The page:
NQF seeks measures for reporting of infections

Officials cite volume of infections

The Washington, DC-based National Quality Forum (NQF) has undertaken a project to seek consensus on a set of national performance measures for public reporting of health care-associated infections. The NQF has solicited measures for review, evaluation, and potential inclusion in the final set of voluntary national measures and, as of this writing, just completed the collection of all proposed measures.

Measures are being considered at a number of levels of analysis, including individual physicians, physician offices, physician groups, health care institutions including but not limited to hospitals and nursing homes, health plans, and community- or population-level measures. To be included as part of the initial evaluation, proposed measures had to be fully developed for use (e.g., research and testing have been completed) and be applicable to health care-associated infections.

"HAIs [healthcare-associated infections] represent an important public health issue," says Merilyn D. Francis, RN, MTP, vice president of NQF. "Approximately 90,000 patients in the U.S. die from an HAI every year out of the estimated 2 million who contract one, and it is estimated that at least 20%-30% are preventable."

In addition, she notes, the NQF has made patient safety a primary issue for a number of years, including the publication of "Safe Practices for Hospital Use to Reduce Infections."

Seeking standardization

"One of the missions of the NQF is to help standardize the way quality of performance is measured and reported," Francis continues. "If you have several people measuring the same thing but in different ways you can’t make valid comparison across entities. That’s where we come in; we don’t develop measures, but we do call for measures. We will evaluate [the proposals] at the staff level for rigor and for how they fit and will also use technical advisory panels and a steering committee."

The main objective, Francis explains, is to discover the "best in class" in terms of performance measures, so that like entities can compare themselves in a way that is fair and balanced. "We try to cut through some of the noise," she notes, "which is very important when it comes to benchmarking. What we’re looking for is a national standard for reporting health care HAI rates and outcomes of interventions."

The proposed measures were solicited in several different categories:

  • intravascular catheters and bloodstream infections and surgically implanted devices;
  • in-dwelling catheters and urinary tract infections;
  • respiratory infections, including those associated with ventilators;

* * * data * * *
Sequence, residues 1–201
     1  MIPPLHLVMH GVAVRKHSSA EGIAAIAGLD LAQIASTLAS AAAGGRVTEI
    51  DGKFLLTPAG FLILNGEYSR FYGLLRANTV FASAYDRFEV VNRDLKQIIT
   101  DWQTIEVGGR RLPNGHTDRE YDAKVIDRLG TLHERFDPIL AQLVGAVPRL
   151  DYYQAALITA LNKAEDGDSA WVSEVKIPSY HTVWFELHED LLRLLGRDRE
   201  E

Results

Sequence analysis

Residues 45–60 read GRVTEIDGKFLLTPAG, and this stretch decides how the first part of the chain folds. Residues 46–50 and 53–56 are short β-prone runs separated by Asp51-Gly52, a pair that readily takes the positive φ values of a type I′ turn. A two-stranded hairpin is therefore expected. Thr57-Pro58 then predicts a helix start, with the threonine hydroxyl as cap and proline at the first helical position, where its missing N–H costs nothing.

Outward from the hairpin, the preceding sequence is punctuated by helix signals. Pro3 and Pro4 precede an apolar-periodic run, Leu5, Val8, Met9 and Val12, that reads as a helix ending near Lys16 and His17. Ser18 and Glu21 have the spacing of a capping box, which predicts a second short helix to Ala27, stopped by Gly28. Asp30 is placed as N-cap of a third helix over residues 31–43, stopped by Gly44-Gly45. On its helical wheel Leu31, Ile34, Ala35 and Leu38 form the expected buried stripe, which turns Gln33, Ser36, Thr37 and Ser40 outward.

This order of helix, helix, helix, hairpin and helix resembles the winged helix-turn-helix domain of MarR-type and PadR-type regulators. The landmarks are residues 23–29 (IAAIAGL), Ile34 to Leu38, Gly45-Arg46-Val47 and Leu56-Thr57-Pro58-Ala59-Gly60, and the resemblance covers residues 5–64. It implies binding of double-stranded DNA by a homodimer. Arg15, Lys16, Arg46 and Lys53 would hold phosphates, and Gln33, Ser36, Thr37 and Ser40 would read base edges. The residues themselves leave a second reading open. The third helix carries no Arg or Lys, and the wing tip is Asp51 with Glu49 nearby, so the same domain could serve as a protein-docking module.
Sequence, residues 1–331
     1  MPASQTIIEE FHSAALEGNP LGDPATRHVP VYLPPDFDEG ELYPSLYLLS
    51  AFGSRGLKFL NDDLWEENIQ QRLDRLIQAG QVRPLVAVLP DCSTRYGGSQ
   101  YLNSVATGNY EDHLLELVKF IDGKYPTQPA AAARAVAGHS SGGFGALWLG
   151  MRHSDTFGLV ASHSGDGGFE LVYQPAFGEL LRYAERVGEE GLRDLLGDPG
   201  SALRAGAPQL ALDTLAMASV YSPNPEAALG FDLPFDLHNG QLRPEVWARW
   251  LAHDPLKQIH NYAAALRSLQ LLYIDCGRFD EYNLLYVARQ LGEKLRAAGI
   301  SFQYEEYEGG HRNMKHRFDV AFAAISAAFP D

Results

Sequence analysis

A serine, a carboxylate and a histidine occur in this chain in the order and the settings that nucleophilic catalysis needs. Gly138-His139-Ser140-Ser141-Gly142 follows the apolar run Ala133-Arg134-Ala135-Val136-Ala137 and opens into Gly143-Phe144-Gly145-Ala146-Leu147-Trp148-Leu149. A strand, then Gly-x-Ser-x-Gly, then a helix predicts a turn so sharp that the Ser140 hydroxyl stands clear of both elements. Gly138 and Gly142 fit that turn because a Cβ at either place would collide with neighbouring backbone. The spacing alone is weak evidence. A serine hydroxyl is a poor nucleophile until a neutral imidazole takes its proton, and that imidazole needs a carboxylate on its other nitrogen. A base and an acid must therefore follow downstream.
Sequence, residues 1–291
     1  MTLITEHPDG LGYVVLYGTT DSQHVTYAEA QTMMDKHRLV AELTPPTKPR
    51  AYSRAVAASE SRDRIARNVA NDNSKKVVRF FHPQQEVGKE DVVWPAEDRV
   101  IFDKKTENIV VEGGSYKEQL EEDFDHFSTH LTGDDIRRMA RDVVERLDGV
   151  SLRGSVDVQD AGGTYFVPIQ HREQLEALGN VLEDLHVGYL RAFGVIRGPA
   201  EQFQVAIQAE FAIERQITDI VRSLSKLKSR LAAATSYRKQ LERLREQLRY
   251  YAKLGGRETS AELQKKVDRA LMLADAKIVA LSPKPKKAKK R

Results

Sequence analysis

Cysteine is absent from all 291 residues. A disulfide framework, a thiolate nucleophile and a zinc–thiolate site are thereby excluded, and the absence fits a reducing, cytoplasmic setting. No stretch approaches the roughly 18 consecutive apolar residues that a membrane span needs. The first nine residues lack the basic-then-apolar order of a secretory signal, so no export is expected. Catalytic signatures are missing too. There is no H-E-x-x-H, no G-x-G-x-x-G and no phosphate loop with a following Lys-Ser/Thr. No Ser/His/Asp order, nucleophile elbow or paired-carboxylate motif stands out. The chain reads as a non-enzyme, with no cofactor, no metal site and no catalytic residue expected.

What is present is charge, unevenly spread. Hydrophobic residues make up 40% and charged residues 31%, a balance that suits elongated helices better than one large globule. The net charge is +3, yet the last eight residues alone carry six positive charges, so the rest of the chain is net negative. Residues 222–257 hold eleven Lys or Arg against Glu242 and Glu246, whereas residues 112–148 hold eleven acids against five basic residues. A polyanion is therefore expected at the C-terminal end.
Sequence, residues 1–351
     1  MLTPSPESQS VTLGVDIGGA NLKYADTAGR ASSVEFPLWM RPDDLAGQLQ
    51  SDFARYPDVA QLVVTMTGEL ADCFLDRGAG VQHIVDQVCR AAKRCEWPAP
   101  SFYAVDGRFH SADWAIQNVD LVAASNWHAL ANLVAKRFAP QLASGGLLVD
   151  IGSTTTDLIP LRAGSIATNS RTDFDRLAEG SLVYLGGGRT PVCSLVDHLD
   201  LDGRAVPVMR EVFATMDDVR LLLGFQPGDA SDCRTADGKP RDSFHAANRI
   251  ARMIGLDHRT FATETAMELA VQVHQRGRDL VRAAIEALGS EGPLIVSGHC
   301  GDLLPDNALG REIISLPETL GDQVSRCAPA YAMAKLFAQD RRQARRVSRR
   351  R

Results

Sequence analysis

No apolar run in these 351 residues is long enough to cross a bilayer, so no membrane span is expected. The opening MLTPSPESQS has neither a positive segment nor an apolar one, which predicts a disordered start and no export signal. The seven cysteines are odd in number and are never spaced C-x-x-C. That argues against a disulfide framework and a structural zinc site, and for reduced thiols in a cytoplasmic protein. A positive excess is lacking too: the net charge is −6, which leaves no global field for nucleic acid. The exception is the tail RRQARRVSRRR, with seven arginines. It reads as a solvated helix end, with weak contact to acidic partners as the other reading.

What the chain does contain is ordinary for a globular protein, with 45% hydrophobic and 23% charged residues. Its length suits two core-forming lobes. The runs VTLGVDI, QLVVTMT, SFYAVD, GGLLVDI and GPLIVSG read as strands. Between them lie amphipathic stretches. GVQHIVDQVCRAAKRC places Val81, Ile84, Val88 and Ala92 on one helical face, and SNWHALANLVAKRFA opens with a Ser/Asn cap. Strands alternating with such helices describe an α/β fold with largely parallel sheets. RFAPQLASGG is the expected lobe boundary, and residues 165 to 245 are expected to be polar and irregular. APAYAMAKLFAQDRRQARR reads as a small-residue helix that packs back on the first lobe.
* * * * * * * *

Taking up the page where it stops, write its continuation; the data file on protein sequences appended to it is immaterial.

• surgical-site infections;
  • pediatric infections;
  • reporting and implementation.

"The first four areas are the ones that are most common in terms of HAIs," Francis observes, adding that they are not listed in any specific order of frequency. "The reason we added pediatrics is that some of these patients are a little different than adults; they have a tendency to have more gastrointestinal infections, and they are susceptible to certain types of viruses from the nursery that don’t go to adults."

Year-long review

As for reporting and implementation, she adds the following: "One of the issues with reporting is that several states are making the reporting of these infections mandatory and several others are thinking about it," Francis shares. "This advisory panel [each category has its own advisory panel] will think about what is the best way of reporting to make the information most useful to consumers and lessons learned from states that have implemented them."

There is approximately a year-long review process ahead of the NQF, says Francis. "We will run the proposed measures through for consensus, and then send them out for review and comment," she declares. "Once the board endorses them, we will have a set of voluntary standards." The project is due to be fully completed by mid-2007, she says.

Such a standard will benefit quality managers because "instead of having to create their own standards there will be a place to get them [the NQF web site, www.qualityforum.org]. They will be posted on the site and made more broadly available through a formal report. Also, because of the consensus process we use, Medicare and Medicaid programs can use them as well," she says.

She adds that the new standards also will be beneficial for organizations with several product lines, because they will be able to use the same measures across all of them.

NQF recently joined forces with the National Committee for Quality Health Care (NCQHC), an organization of health industry leaders focused on improving quality, to establish a reconstituted organization, the National Quality Forum.

Under the direction of the board and new CEO and president Janet M. Corrigan, PhD, MBA, key programs of the NQF and the NCQHC will be enhanced, and strategic alliances with other organizations will be pursued to bring more alignment and coordination to the quality movement.

For more information, contact:

Merilyn D. Francis, RN, MTP, Vice President, National Quality Forum, 601 Thirteenth Street, NW, Suite 500 North, Washington, DC 20005. Phone: (202) 783-1300.